“We will always be grateful for the chance to have her as she was and not who we had thought her to be. Now we call her daughter and sister”

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Photo by Max Huskins

BEACH, Nd. – Life for one family in this small community at the edge of North Dakota adjacent to the border with Montana, near the Theodore Roosevelt National Park, has been forever altered after their 19 year-old Trans daughter committed suicide.

In an obituary published by the funeral home, her family expressed their grief and their rage;

Haley ended her life on November 12, 2021, her pain being too great. She had grown weary of the knowledge of her reality, knowing this country and this world would never stop trying to force her to submit to its ignorance, and her family rages for her. We would’ve burned the whole world down if we’d thought it would keep her safe, and our fury and outrage is eclipsed only by our grief. We struggle against the currents that try to carry us away from love, for those currents only take us further from her. And she is far enough, already.”

This past year has seen record violence against Trans Americans and legislative efforts to marginalize the Trans community as state lawmakers introduced a record number of anti-transgender bills in state legislatures, seeking to restrict transgender people’s access to health care, bathrooms, and sports and recreation.

It has been a year where 47 Trans people, particularly of colour, lost their lives violently and where because of the anti-Trans legislative efforts numerous Trans youth have considered suicide according to the Trevor Project, as their call-in center has been overwhelmed with a sharp uptick in calls for assistance and counseling.

We are at a tragic and deeply upsetting moment: With the death of Marquiisha Lawrence, 2021 has become the deadliest year ever for transgender and gender non-conforming people. Each of these 45 names represents a whole person and a rich life torn from us by senseless violence, driven by bigotry and transphobia and stoked by people who hate and fear transgender people and the richness of their experience,” Joni Madison, interim president of the Human Rights Campaign, said.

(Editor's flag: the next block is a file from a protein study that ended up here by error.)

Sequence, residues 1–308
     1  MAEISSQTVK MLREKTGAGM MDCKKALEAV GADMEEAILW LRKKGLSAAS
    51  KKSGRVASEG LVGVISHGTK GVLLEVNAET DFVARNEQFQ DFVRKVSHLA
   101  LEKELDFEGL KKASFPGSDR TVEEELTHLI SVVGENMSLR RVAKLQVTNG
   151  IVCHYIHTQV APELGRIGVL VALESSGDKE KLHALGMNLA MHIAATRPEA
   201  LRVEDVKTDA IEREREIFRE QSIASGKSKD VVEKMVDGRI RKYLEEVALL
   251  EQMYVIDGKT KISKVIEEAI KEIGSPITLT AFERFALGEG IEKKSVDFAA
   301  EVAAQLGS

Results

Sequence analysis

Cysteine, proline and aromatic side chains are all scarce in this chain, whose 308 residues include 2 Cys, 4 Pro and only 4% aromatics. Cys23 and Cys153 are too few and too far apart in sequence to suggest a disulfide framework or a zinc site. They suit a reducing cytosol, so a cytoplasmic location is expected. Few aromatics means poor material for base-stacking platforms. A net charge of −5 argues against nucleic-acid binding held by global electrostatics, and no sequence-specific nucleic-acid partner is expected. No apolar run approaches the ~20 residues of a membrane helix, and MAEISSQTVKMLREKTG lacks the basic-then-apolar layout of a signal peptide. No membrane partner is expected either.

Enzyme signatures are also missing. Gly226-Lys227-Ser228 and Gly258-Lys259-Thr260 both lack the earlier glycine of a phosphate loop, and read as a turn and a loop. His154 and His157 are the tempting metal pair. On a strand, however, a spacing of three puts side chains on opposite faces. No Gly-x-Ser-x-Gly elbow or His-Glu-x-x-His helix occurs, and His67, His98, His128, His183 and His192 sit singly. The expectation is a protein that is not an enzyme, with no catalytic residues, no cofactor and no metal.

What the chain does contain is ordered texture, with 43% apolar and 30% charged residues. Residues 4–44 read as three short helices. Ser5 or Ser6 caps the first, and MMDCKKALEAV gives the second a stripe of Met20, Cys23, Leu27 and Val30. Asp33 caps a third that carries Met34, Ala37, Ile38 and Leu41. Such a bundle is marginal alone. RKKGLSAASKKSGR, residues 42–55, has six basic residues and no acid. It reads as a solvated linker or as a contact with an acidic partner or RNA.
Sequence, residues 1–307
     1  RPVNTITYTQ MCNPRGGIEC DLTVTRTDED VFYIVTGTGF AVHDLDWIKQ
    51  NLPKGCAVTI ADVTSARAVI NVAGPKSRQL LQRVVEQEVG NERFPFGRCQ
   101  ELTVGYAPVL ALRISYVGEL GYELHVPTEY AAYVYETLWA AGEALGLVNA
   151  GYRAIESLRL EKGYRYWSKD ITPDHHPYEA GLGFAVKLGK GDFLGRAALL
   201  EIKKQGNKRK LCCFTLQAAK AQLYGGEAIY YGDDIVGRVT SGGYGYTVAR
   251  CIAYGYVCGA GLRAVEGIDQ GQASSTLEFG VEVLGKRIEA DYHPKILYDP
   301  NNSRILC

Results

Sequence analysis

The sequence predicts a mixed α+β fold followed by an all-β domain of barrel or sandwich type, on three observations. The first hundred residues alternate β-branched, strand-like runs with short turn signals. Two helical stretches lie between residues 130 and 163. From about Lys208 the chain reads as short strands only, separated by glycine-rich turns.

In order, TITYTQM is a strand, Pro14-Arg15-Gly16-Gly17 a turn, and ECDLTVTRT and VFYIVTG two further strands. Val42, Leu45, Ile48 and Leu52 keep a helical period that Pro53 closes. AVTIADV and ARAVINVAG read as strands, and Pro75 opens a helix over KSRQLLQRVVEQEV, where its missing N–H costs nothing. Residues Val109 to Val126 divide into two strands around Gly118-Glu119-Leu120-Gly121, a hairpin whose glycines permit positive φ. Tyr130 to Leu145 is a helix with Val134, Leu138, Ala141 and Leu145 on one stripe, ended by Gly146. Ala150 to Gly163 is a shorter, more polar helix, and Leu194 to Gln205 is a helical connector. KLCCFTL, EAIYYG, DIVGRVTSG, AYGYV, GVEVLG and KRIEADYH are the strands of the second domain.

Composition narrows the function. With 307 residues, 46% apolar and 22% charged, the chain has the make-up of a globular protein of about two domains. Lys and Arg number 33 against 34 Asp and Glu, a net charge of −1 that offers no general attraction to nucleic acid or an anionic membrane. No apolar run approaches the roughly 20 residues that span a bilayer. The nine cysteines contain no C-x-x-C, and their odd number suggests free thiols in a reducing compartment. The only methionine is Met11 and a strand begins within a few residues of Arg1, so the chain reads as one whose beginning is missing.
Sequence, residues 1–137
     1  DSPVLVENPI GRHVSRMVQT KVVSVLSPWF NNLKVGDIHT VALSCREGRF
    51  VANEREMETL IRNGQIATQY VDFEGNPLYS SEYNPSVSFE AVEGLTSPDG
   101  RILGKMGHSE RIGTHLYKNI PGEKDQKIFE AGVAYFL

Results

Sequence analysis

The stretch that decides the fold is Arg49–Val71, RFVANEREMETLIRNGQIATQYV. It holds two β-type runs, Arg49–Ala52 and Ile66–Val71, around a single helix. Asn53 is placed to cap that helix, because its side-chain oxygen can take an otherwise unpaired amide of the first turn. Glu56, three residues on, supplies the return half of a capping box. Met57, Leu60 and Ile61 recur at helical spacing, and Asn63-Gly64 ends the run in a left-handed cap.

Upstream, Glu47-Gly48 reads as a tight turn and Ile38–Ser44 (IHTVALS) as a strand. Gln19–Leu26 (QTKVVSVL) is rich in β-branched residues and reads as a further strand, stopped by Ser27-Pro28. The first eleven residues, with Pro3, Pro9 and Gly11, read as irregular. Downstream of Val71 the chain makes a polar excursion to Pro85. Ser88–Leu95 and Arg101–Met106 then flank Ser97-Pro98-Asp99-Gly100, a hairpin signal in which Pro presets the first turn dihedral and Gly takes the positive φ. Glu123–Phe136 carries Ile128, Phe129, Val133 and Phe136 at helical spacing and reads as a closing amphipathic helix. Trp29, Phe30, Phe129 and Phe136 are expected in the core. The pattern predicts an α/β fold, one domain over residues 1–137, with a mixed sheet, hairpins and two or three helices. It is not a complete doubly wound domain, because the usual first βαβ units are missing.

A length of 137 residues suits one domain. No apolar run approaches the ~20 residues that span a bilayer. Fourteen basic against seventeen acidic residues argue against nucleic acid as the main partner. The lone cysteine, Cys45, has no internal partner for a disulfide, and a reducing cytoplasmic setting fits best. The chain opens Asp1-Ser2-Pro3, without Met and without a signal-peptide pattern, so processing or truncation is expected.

Dehumanizing rhetoric has real-life consequences for the transgender community, particularly transgender women of color but especially Black transgender women. As we have seen an unprecedented number of bills introduced in state legislatures attacking transgender youth and trans adults, the moment we are in is clear. They have attacked transgender people’s right to health care, right to exist in public, and right to live openly, with the ultimate goal of dehumanizing and erasing their lives and experiences,” she added.

Back in that small North Dakota community, a family grieves.

Obituary for Haley Gabriella Feldmann

Haley Gabriella Feldmann was born on November 18, 2002. She was called boy and so we gave her a boy name—now a dead name. We gave her boy clothes, boy toys, boy things. We didn’t know she was our daughter and so we called her son and brother.

Haley spent the first several years of her life content, within and without. She knew nothing of judgment or ridicule. She knew nothing but the love of her family, which she gave back in abundance.

During her adolescent years she retreated into herself and we lost her. She became silent . . . distant. She built formidable walls that became impossible to breach, and she stubbornly refused to grant us passage. She had begun to grow afraid of the world as she began to understand herself and who she was, and the reality of her situation became apparent.